You don’t have to wait until your EHIC has expired to apply for a new one. In fact, it’s best to apply for a renewal before your EHIC runs out so you’re not without cover. You can apply to renew your EHIC when your old one has six months or less to run. Your new EHIC will have a validity of five years from the original expiry date, not the date of your renewal.


Will EHIC cover a pre-existing condition?

Yes, one of the main benefits of EHIC is that the system will cover any pre-existing or chronic conditions. Unlike travel insurance where policy holders will be charged extra to cover a declared medical problem, or have their condition excluded completely, EHIC will cover every eventuality.

Of course, if you have a chronic or serious medical condition you’ll want to take advice from your own GP or specialist before travelling overseas. It’s sensible to do some homework on the medical system wherever you’re travelling, especially if you need regular care such as dialysis or oxygen canisters. The nearest state hospitals providing specialist care might be quite some distance away. Remember also that you won’t be covered under EHIC for other expenses such as getting you back to the UK if your condition suddenly worsens, and other costs such as prescriptions which might be free on the NHS may have to be paid for in other countries.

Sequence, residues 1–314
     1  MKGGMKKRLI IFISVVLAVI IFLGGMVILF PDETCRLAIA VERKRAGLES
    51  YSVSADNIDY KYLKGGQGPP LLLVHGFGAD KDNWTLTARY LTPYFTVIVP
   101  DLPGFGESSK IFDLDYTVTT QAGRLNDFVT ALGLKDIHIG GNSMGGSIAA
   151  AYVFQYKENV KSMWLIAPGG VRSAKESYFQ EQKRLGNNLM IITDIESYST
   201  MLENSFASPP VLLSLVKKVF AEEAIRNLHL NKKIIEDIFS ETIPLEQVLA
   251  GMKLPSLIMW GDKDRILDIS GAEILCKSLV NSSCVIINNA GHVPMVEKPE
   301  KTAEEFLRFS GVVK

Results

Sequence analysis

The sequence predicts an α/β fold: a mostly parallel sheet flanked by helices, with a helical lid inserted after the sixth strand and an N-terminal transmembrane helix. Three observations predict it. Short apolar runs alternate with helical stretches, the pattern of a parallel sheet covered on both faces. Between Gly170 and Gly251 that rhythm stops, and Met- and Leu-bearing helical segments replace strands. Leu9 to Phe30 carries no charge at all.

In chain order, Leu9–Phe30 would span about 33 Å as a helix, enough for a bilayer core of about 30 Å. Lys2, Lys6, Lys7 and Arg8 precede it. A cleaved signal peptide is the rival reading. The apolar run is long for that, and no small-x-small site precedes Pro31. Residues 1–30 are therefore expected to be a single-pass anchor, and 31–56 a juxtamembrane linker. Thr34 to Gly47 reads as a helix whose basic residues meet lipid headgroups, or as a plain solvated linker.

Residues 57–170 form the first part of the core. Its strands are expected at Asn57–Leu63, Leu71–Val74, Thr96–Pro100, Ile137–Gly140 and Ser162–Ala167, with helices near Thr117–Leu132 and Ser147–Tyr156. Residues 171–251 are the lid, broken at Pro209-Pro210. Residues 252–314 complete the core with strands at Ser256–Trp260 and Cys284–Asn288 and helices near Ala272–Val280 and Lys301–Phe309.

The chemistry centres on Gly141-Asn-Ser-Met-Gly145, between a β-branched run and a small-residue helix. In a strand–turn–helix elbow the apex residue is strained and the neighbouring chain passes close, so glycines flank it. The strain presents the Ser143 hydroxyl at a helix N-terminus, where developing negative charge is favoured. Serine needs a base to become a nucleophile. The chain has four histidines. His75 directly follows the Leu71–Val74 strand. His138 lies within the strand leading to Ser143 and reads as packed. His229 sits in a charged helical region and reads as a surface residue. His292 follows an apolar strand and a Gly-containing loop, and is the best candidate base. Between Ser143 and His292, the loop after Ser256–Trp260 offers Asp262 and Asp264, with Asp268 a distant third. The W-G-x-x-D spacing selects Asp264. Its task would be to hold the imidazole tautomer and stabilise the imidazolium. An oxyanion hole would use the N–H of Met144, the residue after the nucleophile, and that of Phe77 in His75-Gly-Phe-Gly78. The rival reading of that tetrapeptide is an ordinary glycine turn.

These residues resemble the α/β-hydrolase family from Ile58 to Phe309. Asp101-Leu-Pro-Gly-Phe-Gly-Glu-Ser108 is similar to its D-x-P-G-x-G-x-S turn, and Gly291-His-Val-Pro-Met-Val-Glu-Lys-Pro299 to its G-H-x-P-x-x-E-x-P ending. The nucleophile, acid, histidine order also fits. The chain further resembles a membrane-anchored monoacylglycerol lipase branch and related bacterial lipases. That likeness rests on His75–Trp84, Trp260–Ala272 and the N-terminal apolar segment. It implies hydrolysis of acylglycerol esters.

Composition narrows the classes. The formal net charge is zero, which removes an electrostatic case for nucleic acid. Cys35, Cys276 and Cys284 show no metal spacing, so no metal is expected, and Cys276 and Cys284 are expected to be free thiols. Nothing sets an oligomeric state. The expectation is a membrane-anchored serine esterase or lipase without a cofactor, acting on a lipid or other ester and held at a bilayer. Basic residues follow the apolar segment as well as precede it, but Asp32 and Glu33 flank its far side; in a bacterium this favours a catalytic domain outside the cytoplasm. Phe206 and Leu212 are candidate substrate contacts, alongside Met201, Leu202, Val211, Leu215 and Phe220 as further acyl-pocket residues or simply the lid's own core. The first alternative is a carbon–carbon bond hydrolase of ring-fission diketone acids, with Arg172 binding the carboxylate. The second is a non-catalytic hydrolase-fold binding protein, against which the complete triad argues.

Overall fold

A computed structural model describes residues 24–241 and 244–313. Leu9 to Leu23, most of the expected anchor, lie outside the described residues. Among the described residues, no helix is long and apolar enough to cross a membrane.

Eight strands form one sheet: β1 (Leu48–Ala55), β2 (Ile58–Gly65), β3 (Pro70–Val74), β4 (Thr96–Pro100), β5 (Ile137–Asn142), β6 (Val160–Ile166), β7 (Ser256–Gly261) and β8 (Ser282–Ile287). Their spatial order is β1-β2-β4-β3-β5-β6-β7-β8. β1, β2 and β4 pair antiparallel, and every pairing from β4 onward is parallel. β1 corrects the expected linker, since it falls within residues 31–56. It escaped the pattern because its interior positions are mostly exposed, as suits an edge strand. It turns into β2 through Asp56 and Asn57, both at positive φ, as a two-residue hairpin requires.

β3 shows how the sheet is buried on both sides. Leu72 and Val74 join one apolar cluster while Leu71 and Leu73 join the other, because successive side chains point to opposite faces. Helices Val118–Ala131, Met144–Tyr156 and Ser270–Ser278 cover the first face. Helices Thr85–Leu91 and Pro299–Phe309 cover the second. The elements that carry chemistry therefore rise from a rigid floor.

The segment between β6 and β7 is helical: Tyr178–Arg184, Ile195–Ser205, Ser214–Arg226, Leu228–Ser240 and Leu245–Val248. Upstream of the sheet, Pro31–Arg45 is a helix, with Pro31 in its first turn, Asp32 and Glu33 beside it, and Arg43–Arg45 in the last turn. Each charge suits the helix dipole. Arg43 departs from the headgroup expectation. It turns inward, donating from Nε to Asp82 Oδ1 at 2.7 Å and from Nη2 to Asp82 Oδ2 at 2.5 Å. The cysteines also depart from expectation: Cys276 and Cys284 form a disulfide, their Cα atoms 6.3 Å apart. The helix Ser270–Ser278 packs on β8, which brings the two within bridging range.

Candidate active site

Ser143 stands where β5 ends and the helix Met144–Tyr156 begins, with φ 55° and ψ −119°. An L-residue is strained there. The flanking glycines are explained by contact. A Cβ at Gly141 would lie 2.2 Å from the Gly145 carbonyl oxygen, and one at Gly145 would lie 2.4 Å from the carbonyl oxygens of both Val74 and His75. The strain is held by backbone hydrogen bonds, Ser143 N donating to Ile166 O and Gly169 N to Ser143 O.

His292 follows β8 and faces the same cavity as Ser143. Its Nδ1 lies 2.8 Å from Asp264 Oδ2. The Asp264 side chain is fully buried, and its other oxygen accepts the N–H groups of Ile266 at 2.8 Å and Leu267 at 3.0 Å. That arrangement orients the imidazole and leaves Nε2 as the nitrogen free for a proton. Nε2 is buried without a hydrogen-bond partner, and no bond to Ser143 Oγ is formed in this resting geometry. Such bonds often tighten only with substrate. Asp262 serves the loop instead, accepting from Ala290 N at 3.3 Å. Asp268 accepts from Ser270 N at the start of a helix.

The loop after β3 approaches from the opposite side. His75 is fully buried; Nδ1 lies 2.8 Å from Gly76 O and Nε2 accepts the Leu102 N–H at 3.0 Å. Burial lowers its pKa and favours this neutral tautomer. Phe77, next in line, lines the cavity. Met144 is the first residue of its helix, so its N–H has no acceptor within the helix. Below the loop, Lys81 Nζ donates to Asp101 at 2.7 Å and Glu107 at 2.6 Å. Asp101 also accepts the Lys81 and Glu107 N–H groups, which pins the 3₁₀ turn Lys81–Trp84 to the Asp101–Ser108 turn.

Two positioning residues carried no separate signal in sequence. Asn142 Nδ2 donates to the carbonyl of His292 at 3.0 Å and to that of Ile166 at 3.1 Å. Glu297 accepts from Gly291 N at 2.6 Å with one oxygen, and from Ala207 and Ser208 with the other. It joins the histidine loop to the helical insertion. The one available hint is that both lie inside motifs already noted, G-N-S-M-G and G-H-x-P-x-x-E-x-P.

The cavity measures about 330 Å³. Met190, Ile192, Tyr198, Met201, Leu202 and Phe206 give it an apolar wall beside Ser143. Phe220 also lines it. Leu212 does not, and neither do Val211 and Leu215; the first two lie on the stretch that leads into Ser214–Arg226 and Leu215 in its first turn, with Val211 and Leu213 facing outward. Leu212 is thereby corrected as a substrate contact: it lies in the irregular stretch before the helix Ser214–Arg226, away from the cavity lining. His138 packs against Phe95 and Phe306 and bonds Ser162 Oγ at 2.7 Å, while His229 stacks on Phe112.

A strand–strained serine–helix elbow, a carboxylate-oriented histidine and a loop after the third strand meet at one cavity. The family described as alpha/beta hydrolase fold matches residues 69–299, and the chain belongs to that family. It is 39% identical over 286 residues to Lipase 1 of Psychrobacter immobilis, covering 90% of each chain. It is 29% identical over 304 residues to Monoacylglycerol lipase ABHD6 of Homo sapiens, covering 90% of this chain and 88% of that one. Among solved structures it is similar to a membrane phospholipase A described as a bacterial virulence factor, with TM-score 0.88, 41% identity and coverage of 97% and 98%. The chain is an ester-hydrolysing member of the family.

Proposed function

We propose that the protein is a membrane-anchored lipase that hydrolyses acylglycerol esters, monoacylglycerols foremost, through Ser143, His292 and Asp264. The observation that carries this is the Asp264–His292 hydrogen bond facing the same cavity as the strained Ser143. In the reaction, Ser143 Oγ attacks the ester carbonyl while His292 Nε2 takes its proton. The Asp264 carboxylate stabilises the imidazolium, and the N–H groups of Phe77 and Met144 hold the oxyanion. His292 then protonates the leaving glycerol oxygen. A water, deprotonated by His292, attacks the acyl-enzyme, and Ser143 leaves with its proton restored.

Do I need a separate EHIC for each country I’m visiting?

EHIC covers 32 different countries throughout Europe, and you apply for your card in whichever country you have your residence, where you pay tax and where you work. Once you have your EHIC card, you can then access state healthcare in any of the other countries in the scheme. You don’t need a separate card for each country, although it’s always sensible to have comprehensive travel insurance to cover what EHIC doesn’t.

If you’re on a European holiday travelling through several different countries by car or train, pack your EHIC as you’ll be able to use it if you need to. The only exception to this is a cruise holiday as people who are living on board a ship are not entitled to EHIC cover. If their cruise finishes with a week or even a single night in a hotel, then their EHIC is valid for that portion of the holiday only.